Yet the more you consider it the more the common sense answer appeals.

        Crumbs, 5 o’clock down here. Time for a cup tea and see if my lot want me to cook dinner.
        Catch you later?

    2. Forgot to thank you for your kind appreciation of post. Also, I wouldn’t put anything past the Egyptians – I mean the wondrous stuff they engineered – mindboggling.

  9. I loved this post, Tish… wonderful from beginning to end (including the pictures), and as a Jerusalemite, I have to support Maralyn’s observation about the Cardo, which existed before Roman times… But as a fellow with a large portion of pre-Neanderthal genes, I have to admit, that when we monkeys went into the supermarket, we would just grab the first thing on the shelves that looked eatable. It was the human being who started looking around for the deals… two for the price of one. That’s the key!

    1. Oh I love that as an evolutionary marker, not primate raiders but wheeler-dealing humans. I think you are absolutely right. I was just listening to a You Tube University of California broadcast by a medic who specialises in worry and stress. He made the point that humans lack the physical toolkit of other animals. Nor do they run or swim exceptionally well. In order not to become meat, they had to develop imagination and forethought. I think that would definitely include cutting a deal with the local competition.

  10. So – following your train of thought, we’ve probably reached the “epitome” of human civilization with our shop-until-you-drop mentality. Just in time, because all the landfills seem to be full. Those of us with lesser brain capacity are already beginning to downscale and use fewer resources….:-)

  11. What an interesting read Tish and it does sound so plausible. Do you think the present ground swell for reduce, reuse, recycle will affect the “shop till you drop” way of living in the future, and also what is going to be found in the rubbish tips a few generations on?

    1. I don’t think there are enough people recycling and re-using yet, Pauline. But I have heard of new approach to commerce where manufacturers, say of cars, only lease them and never sell them. This encourages makers into good eco-friendly design, long lasting products that can be revamped with spares, and when finally their life is up, they will be made of materials that the manufacturers can harvest and re-use. This is the plan anyway for the new hydrogen cars that are being developed in the UK.
      Materials scientists are also working on creating new enticing material for cell phones so we will love them longer (the shell colour will change with use and become personalized in that way, plus they are designing them with replaceable spare parts, all this to stop us continually upgrading and chucking old ones away, or leaving them in drawers, thus wasting valuable resources. The coltan needed in cell phones, for instance, has been one of the factors fuelling the war zone in eastern Congo for years.
      There are also clothes manufacturers who plan to make and sell clothes like a library, so once you are bored with your designer t-shirt it can go back to the shop and be revamped. This involves creating new fabrics that clean and wear well, and also ways of cleaning that involve very little water. So it is in these kinds of initiatives that I see the main hope – a new model for conducting business and manufacturing that meets everyone’s needs, and does not waste finite resources. We do not need to own so much stuff, but we do need to break our lust for the brand new model shoe/t-shirt, car, phone etc. Easily said of course.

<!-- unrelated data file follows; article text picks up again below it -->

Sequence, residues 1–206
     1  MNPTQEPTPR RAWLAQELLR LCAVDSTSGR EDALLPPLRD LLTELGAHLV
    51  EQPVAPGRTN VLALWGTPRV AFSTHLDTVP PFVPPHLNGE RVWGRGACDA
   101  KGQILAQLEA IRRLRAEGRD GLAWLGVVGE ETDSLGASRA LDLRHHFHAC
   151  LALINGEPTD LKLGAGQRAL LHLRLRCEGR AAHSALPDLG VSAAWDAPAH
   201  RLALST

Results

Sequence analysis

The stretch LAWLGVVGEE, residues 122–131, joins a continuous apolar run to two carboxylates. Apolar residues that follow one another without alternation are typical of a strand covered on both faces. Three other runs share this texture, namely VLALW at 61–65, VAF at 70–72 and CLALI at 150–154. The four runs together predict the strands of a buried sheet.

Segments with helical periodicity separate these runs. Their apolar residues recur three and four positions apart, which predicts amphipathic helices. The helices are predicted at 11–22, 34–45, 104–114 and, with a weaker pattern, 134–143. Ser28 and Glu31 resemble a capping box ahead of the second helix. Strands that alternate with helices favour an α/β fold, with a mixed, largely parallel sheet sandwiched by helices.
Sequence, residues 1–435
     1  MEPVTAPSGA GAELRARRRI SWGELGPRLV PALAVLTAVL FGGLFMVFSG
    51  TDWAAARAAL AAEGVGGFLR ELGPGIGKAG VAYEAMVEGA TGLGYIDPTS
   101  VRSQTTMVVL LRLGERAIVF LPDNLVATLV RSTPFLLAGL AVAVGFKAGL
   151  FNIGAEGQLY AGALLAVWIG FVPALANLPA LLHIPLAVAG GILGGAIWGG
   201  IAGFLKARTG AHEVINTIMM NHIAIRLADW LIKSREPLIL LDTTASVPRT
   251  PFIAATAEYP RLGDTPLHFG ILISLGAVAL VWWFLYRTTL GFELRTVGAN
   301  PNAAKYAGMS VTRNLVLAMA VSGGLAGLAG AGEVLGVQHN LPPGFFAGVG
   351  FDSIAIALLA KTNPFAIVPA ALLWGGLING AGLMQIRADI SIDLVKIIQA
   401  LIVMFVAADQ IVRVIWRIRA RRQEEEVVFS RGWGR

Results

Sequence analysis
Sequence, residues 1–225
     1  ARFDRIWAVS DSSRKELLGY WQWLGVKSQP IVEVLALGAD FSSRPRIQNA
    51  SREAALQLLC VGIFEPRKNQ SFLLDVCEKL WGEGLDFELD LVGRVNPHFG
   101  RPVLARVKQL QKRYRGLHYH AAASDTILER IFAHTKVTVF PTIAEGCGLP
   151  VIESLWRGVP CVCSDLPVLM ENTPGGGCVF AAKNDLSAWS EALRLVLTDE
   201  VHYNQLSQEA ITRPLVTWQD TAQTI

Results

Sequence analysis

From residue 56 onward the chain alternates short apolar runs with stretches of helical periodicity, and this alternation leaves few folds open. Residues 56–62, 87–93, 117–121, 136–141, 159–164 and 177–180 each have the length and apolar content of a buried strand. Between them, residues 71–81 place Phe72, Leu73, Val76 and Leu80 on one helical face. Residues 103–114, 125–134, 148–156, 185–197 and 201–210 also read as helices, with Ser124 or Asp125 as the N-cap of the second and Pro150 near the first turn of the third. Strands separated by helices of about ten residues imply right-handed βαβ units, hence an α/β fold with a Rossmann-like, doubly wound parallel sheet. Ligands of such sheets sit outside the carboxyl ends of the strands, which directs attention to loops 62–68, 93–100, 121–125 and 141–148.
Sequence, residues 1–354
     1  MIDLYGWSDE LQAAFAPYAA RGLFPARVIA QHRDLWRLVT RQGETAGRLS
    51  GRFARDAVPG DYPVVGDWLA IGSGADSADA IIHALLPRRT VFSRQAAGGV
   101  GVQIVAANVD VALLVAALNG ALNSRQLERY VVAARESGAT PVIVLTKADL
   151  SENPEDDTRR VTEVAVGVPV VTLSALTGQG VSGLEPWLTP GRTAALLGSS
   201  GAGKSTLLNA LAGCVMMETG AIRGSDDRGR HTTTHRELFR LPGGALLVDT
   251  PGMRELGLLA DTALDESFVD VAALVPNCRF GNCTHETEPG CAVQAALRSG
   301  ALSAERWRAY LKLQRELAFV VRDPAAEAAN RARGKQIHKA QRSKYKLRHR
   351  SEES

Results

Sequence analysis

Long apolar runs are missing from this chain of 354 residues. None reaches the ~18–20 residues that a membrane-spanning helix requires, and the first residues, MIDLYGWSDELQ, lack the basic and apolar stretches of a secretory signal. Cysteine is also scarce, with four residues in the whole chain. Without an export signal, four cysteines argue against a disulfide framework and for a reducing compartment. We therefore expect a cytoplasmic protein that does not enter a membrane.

1. I do like the concept behind these ideas Tish. I am into minimalism and a library to change clothes, well we already, sort of, have one , it’s called op shops!!! Jack does get very annoyed when he can’t repair things because they do not supply spare parts any more, built in obsolescence. I have read of a scheme were communities share their possessions, ie lawn mowers, tools, etc. A small donation goes to the owner. It has a name but I can’t remember it. It is a complex subject. Could our society survive without consumerism driving the economy? If every one stopped buying “stuff” then manufacturing would grind to a halt, no jobs, no money, spiralling into economic depression. Surely there must be a middle way???

  12. Excellent article and photos Tish and you said it all so well. When I look around me at nature, I wonder why we do what we do? To what end? I guess we’ll never know the answer to that. 😀

  13. I love the fact that challenges take you into substance: you used this one wonderfully. Who’d have thought teal would take you here, via that beautiful pot? I’m curious now. Did you find a discipline that reveals “the truly important aspects of humanity”? Thanks for another great post.

    1. That’s a very good question. Which discipline does pin down what makes us human? I suppose we’re treading the realms of psycho-analysis to answer that. My other half who is a biologist by training, says we’d do better if we did not get so much above ourselves and instead remembered that we are part of the animal kingdom. One thought that does strike me, is that we have a huge capacity for self-delusion. Glad you enjoyed the post.

  14. Wonderful post! I think you are right Tish. It’s terribly worrying that our role as shoppers (well consumers) may well be what destroys not only our species, but so many others too. On a lighter note – my boy-child has a capacity to shop that his father and I totally lack; does that make him more highly evolved do you think?

  15. I honestly never considered shopping from this perspective. Of course, I hate shopping for the most part, so I don’t consider it at all until I’m forced to do so periodically. But I just may have to start looking at it with a whole new appreciation after reading your article.